Lab Guide

Lab sections meet once a week for three hours, in Packard 130 (off the main atrium, across from Bytes Café).


These are important. See our prelabs guide for more information.


Lab reports are due at the beginning of your lab section the following week.

The exact deliverables for each report will vary with individual labs: check the lab handouts for details. In general, we will ask you to submit answers to questions in the handout, your Arduino code (if applicable) and some reflection comments on the lab.

Lab partners

You will work with a partner for each project. You can choose whether to make a copy of the project each (so that you can each keep one) or whether to make one between the two of you. In either case, you should submit a single joint lab report.

You'll have a different partner for each of the four projects.


We don't work with any voltages high enough to shock you, but there are still hazards other than electrical ones. You should take common-sense precautions.

  • If you smell something getting dangerously hot, disconnect the power immediately.

  • Soldering irons can (and do) cause burns — be careful about how you hold it, and turn it off if you're not using it for more than a few minutes.

  • Always wear safety glasses when soldering.

  • When you clip wires, the loose ends tend to go flying. Always clip so that they would fly into the table (and not into a classmate!), and wear safety glasses to avoid them flying into your eyes.


With 140 people the labs carry a lot of traffic. Messy benches slow everyone down and quickly spiral out of control, so it's crucial that everyone plays their part in keeping our work environment tidy.

Accordingly, your workbench must be clean when you leave. Here's a checklist of things that must be true before you go:

  • Soldering iron, fan, oscilloscope, and overhead light are turned off.

  • Reusable parts (spare plastic, unused components, > 2" long pieces of solder, etc.) have been returned to correct spot in lab.

  • Small bits of solder have been placed in solder waste containers for special disposal.

  • All other trash (wire, insulation, used parts, etc.) has been cleared from desk surface and thrown in trash can.

  • All cables have been returned to correct spot on wall rack.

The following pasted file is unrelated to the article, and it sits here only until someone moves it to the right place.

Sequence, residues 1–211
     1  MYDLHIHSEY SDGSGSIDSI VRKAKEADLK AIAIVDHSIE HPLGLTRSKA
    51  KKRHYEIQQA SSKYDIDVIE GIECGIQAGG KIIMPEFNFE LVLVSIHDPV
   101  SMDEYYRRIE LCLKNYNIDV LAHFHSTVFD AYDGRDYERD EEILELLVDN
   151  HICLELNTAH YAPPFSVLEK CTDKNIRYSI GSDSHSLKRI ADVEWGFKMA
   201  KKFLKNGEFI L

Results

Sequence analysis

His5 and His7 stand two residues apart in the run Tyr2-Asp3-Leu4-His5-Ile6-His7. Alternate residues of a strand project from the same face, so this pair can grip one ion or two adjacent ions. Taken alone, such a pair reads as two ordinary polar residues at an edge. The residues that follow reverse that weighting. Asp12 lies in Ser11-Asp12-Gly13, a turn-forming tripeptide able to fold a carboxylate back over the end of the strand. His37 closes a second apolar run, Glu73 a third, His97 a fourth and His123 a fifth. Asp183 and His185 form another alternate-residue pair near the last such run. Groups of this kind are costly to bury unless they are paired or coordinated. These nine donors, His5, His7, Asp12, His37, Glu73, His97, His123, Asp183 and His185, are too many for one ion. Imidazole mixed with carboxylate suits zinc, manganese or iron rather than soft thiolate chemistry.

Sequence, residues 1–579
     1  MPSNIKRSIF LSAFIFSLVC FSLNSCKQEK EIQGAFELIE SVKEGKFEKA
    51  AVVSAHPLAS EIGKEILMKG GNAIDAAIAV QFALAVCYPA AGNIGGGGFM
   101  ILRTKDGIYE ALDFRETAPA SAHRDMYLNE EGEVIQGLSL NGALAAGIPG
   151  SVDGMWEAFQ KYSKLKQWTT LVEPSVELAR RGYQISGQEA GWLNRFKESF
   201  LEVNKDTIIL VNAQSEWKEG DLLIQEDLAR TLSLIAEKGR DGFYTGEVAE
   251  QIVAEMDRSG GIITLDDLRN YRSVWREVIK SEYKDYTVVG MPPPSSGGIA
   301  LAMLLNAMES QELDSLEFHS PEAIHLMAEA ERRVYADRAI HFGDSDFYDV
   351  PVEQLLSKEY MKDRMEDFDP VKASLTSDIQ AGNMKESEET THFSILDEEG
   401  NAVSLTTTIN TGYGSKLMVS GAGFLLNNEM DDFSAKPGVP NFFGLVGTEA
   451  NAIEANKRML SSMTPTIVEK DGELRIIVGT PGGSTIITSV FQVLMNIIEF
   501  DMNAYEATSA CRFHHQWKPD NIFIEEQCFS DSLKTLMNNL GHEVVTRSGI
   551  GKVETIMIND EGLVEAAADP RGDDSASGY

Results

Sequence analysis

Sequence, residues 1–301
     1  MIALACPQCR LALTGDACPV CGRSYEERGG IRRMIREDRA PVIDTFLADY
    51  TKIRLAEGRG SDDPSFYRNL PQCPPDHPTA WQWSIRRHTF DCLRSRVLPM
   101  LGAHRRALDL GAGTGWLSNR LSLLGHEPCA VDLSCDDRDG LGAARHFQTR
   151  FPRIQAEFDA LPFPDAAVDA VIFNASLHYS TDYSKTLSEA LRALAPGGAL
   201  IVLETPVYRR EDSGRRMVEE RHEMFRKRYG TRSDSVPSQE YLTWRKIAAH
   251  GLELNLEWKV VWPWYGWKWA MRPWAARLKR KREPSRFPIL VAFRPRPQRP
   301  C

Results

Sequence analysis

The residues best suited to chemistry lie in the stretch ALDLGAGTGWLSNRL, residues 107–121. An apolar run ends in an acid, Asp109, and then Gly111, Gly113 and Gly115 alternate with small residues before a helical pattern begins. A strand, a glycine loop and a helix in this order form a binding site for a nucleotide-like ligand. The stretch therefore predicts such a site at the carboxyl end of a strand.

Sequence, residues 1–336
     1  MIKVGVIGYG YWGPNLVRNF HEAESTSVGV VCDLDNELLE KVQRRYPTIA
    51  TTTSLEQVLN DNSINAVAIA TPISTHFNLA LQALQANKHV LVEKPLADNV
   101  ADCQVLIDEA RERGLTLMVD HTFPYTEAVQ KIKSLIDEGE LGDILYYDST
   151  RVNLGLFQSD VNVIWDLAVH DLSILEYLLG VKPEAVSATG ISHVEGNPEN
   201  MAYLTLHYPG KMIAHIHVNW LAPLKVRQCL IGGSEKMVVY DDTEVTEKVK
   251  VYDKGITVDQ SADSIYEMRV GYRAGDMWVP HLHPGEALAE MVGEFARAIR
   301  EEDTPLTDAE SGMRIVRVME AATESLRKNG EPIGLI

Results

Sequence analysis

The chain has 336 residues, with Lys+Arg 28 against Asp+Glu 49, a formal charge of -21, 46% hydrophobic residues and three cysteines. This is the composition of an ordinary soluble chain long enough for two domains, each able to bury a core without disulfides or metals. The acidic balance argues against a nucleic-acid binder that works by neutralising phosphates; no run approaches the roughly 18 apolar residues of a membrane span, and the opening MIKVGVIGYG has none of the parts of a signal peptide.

How long do they take?

Our experience is that it can sometimes be a tight squeeze to finish the labs within 3 hours. If you don't finish within your section time:

  • For some labs, you'll be able to continue to work on them at home, with the maker kits you got at the start of quarter.

  • Sometimes you'll need lab equipment, such as a soldering iron or oscilloscope. For these, you're welcome to use the lab during other sections, as long as there is an available bench.

  • The lab will be open on Mondays for catch-up work. No lab sections are scheduled on Mondays.


If you can't make your regular lab time, you must choose another section to attend and let both your TA and the TA of the other section know in advance. Your prelab is due 24 hours before your usual section, or 24 hours before the section you attend that week, whichever is the earlier. Your lab report is due before your usual lab section the following week.


Most projects comprise the prelab, in-lab component, style and a reflection. The weight given to each varies from lab to lab, based on the nature of the lab.


Real software and hardware projects often have a lifetime longer than just the first use. They often have to be modified, debugged, upgraded after they have been “completed”. As a result, good hardware and software designs need be more than something that just correctly functions; they also have to be built such that someone else (or you 6 months later) can understand what is going on. Also, since hardware exists in the “real world” how you build something will determine how robust it will be. As a result, your labs are graded “style” — the quality of the work you do — and not just on function.

Each project will have a style rubric to give you a sense of what constitutes “good” and “not so good” for each project. We don't expect perfection (if you could do everything perfectly, you wouldn't belong in this class!), but we do want you to be aware of what good style is, and we want to help you develop skills to achieve it.


Reflections are intended before for you to evaluate your own learning and to provide feedback to the teaching staff. We expect 2–4 sentences for each question that shows you've thought about the question and reflected on what you learned.

Please be honest and upfront in your reflections. We discuss the feedback you write in your reflections in our weekly TAs meeting in order to improve our teaching practices. We grade reflections to reflect the importance we give to them. You can find examples of good and not-so-good reflections in this document.